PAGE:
1. ^ a b Lomax III, John. “The Houston Metropolitan Research Center Interviews” Houston Oral History Project. Houston Public Library. July 19, 1979. Web. http://digital.houstonlibrary.net/oral-history/john-lomax_OH263.php
  2. ^ a b c d e f g "John Lomax III". Lomax 3. Retrieved 2018-07-05.
  3. ^ a b Tamara,, Saviano,. Without getting killed or caught : the life and music of Guy Clark (First ed.). College Station. ISBN 9781623494544. OCLC 942609297.CS1 maint: extra punctuation (link)
  4. ^ a b c d 1957-, Hardy, Robert Earl, (2010). Deeper blue : the life and music of Townes Van Zandt. Denton: University Of North Texas Press. ISBN 157441285X. OCLC 519249222.CS1 maint: extra punctuation (link)
  5. ^ a b c Treat, Charlie (March 12, 2014). "John Lomax III: "Follow What You Hear Inside You"". American Music Project.
  6. ^ "Steve Earle Chart History". Billboard. Retrieved 2018-07-05.
  7. ^ "Steve Earle". GRAMMY.com. 2018-05-22. Retrieved 2018-07-05.
  8. ^ Dansby, Andrew (June 18, 2017). "Family tradition; Son releases John Lomax Jr.'s unearthed recordings of folk songs". Houston Chronicle.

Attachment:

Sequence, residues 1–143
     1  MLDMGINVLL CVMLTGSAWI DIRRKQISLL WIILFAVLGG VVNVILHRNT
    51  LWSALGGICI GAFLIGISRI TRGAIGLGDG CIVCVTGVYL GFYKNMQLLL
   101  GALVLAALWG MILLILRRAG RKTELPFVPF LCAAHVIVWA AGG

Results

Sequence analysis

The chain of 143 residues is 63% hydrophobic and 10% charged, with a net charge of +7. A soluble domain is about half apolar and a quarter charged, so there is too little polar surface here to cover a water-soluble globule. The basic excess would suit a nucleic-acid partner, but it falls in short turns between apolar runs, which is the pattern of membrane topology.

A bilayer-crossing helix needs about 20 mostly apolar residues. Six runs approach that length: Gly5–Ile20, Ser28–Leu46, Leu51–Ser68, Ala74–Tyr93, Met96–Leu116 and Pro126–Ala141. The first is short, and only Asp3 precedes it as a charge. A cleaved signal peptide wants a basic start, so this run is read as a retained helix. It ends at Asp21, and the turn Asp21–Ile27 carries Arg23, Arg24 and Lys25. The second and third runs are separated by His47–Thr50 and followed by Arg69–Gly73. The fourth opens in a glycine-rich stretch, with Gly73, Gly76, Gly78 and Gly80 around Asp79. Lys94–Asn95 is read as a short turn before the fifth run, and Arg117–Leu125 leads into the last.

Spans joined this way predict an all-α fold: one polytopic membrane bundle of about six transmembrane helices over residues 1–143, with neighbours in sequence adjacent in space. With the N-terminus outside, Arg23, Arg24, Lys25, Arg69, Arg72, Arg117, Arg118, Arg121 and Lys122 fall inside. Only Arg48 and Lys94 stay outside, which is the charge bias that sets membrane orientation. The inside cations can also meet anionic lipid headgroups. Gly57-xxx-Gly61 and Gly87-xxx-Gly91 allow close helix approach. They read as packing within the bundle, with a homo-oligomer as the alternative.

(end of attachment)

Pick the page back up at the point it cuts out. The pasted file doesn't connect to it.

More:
9. ^ "John A. Lomax Jr.'s FOLK CD Celebrates Family's American Music Legacy". Lomax 3. Retrieved 2018-07-05.
  10. ^ "Ralph Murphy Receives CMA's Jo Walker-Meador International Award". Sounds Like Nashville CA. 2011-11-09. Retrieved 2018-07-05.
  11. ^ "THE COUNTRY MUSIC ASSOCIATION PRESENTS INTERNATIONAL AWARDS IN THE U.K. AND AUSTRALIA - CMA World - Country Music Association". CMA World - Country Music Association. 2018-03-19. Retrieved 2018-07-05.
  12. ^ III., Lomax, John, (1985). Nashville : music city USA. New York: Abrams. ISBN 0810913453. OCLC 10484050.CS1 maint: extra punctuation (link)
  13. ^ III., Lomax, John, (2001). Red desert sky : the amazing adventures of the Chambers family. Crows Nest, NSW: Allen & Unwin. ISBN 1865084255. OCLC 58564933.CS1 maint: extra punctuation (link)

External linksEdit